Some links: 89

Awesome!

What Will Art Look Like in the Metaverse?, by Dean Kissick.

In late-19th and early-20th century Paris, Rousseau and his contemporaries (Paul Gauguin, Georges Seurat, Pablo Picasso, etc.) were busy inventing bohemian modernity, creating new ways of living and of seeing the world. In our century, that visionary role appears to have passed from the artists to the engineers, to Zuckerberg and his ilk. Who else tries to invent new universes? Who dares spin grand utopian fantasies? Artists don’t anymore. It’s Silicon Valley’s Promethean founders who try — and routinely fall short.

Some assembly required

A Fairfax Master Naturalists project that I could work from my desk: I cleaned up the automated transcription of a video presentation on climate change, presented by Rachel Licker to Master Naturalists in 2014. Dr. Licker speaks softly, and the AI performing the transcription often made a hash of things. My favorite machine blunder was pursue potations for precipitation, followed closely by 4 percent the patients for for precipitation.

Space Coast Birding and Wildlife Festival 2020: 3

departingA couple of snaps from the road. I rode the Auto Train south to Florida and drove my car back, swinging wide to Charlotte to visit a colleague for dinner. As an added bonus, I got to ride Charlotte’s LYNX Blue Line in to Uptown for dinner.

MOTELBack in Titusville, I circled back to get a shot of this lovely MOTEL sign, calling out for Wade’s Motor Inn on Washington Ave. The M and the L have lost a few lights from their enclosing diamonds, but it’s still a cool sign.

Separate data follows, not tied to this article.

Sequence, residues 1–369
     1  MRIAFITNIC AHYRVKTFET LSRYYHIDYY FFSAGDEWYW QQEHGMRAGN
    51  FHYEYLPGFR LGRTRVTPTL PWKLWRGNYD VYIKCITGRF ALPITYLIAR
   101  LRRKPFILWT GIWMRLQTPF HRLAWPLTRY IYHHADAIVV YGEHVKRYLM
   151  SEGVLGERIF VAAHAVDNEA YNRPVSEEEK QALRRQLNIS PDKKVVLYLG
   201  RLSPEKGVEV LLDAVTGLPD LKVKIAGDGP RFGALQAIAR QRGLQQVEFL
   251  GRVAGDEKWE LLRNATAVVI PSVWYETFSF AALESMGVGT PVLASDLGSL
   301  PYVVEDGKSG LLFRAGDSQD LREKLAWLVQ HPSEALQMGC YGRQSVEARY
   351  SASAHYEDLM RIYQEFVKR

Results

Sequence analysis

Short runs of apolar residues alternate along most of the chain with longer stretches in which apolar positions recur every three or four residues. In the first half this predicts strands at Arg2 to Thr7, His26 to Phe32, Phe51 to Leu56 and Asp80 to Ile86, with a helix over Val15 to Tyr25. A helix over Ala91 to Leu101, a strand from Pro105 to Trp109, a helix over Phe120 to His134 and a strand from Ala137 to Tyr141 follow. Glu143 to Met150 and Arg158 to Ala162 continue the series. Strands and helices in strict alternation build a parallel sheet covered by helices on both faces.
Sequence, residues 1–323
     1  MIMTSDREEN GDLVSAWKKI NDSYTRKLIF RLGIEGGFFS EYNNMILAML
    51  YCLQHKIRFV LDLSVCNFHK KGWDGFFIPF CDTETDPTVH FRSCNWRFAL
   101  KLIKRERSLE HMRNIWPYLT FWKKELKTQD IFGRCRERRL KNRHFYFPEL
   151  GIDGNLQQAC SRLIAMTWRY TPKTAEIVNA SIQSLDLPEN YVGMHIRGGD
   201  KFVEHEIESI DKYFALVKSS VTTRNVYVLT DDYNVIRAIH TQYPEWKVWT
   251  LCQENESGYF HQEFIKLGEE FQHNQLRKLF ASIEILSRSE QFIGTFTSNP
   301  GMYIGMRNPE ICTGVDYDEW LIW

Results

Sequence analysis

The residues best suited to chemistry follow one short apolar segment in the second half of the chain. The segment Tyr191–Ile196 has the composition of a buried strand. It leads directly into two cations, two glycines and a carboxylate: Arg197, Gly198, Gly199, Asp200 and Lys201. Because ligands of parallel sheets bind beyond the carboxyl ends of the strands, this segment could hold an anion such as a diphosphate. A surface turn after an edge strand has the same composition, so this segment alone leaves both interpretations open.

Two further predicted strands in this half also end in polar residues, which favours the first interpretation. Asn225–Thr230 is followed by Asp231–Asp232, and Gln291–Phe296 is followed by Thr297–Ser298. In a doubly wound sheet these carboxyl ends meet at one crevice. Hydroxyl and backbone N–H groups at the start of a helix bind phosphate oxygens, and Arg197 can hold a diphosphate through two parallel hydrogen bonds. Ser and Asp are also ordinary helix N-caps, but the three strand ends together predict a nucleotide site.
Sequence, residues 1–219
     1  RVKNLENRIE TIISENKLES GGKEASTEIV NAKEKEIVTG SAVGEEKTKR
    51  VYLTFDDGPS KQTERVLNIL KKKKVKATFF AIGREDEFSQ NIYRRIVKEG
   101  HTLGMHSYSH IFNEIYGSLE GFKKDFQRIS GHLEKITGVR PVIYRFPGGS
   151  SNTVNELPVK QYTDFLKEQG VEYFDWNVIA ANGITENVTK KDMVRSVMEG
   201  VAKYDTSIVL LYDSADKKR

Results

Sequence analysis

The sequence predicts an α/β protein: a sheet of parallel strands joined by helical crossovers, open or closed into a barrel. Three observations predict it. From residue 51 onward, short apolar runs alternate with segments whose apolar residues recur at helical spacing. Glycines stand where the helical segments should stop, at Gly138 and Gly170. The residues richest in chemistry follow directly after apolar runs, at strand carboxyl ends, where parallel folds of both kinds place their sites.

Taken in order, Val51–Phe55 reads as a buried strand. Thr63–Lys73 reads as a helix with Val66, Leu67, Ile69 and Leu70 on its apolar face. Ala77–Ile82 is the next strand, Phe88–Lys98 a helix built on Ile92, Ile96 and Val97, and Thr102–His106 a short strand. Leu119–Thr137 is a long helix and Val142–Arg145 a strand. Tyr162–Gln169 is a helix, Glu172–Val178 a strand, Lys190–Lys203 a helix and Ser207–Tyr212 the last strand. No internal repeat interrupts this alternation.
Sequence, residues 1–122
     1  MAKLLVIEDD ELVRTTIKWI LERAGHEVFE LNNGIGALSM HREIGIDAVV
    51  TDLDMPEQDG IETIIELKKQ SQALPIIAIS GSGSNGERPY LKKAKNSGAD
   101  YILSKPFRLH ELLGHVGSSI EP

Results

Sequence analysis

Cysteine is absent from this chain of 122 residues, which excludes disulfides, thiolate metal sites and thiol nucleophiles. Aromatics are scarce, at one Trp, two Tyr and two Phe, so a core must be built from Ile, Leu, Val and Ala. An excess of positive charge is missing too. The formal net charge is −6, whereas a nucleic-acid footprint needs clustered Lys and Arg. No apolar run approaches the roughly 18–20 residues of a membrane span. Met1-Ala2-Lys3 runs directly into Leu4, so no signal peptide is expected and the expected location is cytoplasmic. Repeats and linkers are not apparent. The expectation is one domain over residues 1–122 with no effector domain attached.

Two ounces

High tech-low tech-biotech: Fitting albatrosses with radar detectors to catch stealth fishermen.

Albatrosses are ideal sentinels of the open ocean, said Henri Weimerskirch, a marine ecologist at a French National Center for Scientific Research in Chizé, France, and the lead author of the new study published on Monday in Proceedings of the National Academy of Sciences. “They are large birds, they travel over huge distances and they are very attracted by fishing vessels.”

Some links: 86

  • Converting 35% of the acreage of a coffee farm to shade-grown culture can maximize revenue, according to new research by Amanda Rodewald et al. and summarized by Gustave Axelson. Depending on the premium paid for shade-grown coffee, that percentage can go as high as 85%.
  • A smartphone attachment can test for the presence of norovirus in a drinking water sample and produce results in five minutes. The promising prototype comes from the biomedical engineering lab of Jeong-Yeol Yoon. Joe Palca reports.

    In the wake of hurricanes and other storms, flooding can cause sewage systems to overflow, potentially mixing with water intended for drinking. Municipal water system managers would breathe easier if they could be certain they didn’t have to worry at all about norovirus contamination.

  • How to cross a river. The water at Huntley Meadows Park is never this fast or cold.
  • Melissa Errico submits a “self-tape” audition.

Across the Mid-Atlantic Ridge: 3

Technology Report